Cecil Charles Worster-Drought was the son of Thomas and Louise W. Drought of County Wicklow, Ireland, but was orphaned early in life. He was educated at Merchant Taylor’s School and was Scholar and Prizeman at Downing College, Cambridge, taking his BA with first class honours in Natural Sciences in 1909. He qualified from Guy’s Hospital in 1911 and was house surgeon to Sir Arbuthnot Lane. He took his Cambridge BChir, then MB by thesis, and his MA in 1912. He did a short period in general practice but was also clinical assistant in the Department of Diseases of the Nervous System at Guy’s from 1911-1914.
During the 1914-19 war he was a Captain in the RAMC, serving first with a stretcher unit until, as he claimed, his ability to do a lumber puncture in the meningococcal epidemic of 1915 made him into a neurologist. He was consulting neurologist to the Woolwich Military District and also Tetanus Officer 1917-1919.
In 1920 he took his MRCP and his Cambridge MD, and in 1921 was Fearnside Scholar for research in organic neurology in the University of Cambridge. After this he was appointed as physician neurologist to the honorary staffs of the Metropolitan Hospital, the West End Hospital for Nervous Diseases (later the West End Hospital for Neurology and Neurosurgery), the Bethlem Royal Hospital, the Royal Cancer Hospital (later the Royal Marsden Hospital), the Northern Hospital (Post- Encephalitic Section after the 1918 epidemic), the Mildmay Memorial Hospital, St Andew’s Hospital and Leatherhead Hospital. He was also adviser to the National Institute for the Blind and medical director of the Moor House School of Speech Disorders, which was his own idea and which was opened in 1947.
He was President of the Neurological Section of the Royal Society of Medicine in 1947-49 and served on the Council of the Sections of Neurology, Ophthalmology, Paediatrics and Psychiatry. He was a member of the Association of British Neurologists from 1933 and on the Council 1949-52, being elected an Honorary member in 1964. He wrote extensively on neurological subjects, including monographs on Cerebrospinal Fever 1919, Neurosyphilis 1941, and Residential Speech Therapy in 1952. He also contributed to modem trends in neurology, and chapters in the Oxford loose-leaf medicine, and to British Encyclopaedia of Medical Practice.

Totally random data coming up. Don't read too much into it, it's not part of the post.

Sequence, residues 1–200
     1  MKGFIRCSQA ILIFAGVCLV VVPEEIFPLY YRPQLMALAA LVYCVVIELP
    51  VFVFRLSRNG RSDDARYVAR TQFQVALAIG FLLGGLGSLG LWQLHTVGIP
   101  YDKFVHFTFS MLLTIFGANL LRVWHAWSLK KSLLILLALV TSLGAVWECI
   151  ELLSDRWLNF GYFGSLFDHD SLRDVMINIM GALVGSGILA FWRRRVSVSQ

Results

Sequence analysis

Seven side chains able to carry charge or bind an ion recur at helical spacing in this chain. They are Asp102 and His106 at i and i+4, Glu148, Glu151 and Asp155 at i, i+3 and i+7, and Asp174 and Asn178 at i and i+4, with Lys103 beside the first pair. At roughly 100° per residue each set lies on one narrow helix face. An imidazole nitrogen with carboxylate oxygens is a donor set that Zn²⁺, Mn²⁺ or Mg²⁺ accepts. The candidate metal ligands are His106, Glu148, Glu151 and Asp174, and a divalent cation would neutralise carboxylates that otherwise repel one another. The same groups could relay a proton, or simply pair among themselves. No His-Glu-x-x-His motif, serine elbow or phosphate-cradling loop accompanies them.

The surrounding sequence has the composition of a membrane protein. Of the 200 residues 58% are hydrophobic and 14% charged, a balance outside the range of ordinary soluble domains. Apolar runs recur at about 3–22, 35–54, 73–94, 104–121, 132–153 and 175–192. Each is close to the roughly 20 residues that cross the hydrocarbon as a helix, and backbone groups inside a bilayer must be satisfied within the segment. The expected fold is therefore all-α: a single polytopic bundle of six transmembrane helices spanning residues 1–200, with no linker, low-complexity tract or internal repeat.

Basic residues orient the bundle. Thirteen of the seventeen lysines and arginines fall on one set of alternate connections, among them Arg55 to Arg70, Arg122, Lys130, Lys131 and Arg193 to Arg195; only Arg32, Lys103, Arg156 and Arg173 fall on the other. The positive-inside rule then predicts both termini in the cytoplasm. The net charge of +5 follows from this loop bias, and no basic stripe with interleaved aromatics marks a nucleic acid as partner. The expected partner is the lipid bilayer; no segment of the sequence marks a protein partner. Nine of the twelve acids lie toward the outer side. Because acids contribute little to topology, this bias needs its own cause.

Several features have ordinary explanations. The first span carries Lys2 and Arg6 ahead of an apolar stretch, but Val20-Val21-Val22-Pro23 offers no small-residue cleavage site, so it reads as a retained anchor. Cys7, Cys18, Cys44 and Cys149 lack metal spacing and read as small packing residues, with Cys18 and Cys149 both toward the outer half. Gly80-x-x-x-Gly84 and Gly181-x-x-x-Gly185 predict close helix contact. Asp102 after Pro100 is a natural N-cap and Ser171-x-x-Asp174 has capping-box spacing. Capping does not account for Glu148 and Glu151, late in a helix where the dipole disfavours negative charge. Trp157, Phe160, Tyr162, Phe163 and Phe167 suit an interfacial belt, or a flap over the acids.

In 1952 he published the 10th edition of Sir James Purves-Stewart’s text book The Diagnosis of Nervous Diseases. In 1971, only a few weeks before his death, he published an article on ‘An unusual form of acquired aphasia in children’ [Develop. Med. Child. Neurol. 13].
He was a first class clinician and had an enormous private practice. He would see endless private patients all morning and then a vast hospital clinic in the afternoon, when he could listen to four people at once and forget nothing, with only the aid of a hieroglyph written on a cigarette carton. A full social evening would follow and he would then return home to work on an original article till 3 am. His clear mind and astonishing memory made him much sought after as a medicolegal expert witness.
From 1939-44 he was consultant neurologist in the Emergency Medical Service and his quality as a leader became evident in the way he maintained uninterrupted the work of the West End Hospital, despite three major bombings and consequent loss of life.
Once, during this war, he rendered first aid to a National Fire Service unit which had received a direct hit by a bomb near his front door and, another time, quietly stopped his car, opening the door to reduce the blast, while a flying bomb exploded nearby, before driving on to the hospital.
In his youth he was something of an athlete and footballer, and he gained a bronze medal for skating in his fifties. His wide interests included antique furniture, church brasses, and architecture, particularly of the Georgian period. Retaining his amazing memory and clear mind to the end, he never retired, and within a few hours of his death he was still dictating letters to make arrangements for his many patients. He was justifiably proud of his professional career of 60 years, of which over 50 were in active consulting practice in Cavendish Square and Harley Street. One of his favourite phrases was ‘I must press on’.
He married firstly Lillian, daughter of William T. Revnell, who died in 1953, and secondly Majorie, daughter of the Rev. A.J. Revnell, who survived him. He had no children.
[Brit.med.J., 1971, 4, 368; Lancet, 1971, 2, 1101; Times, 2 Nov 1971]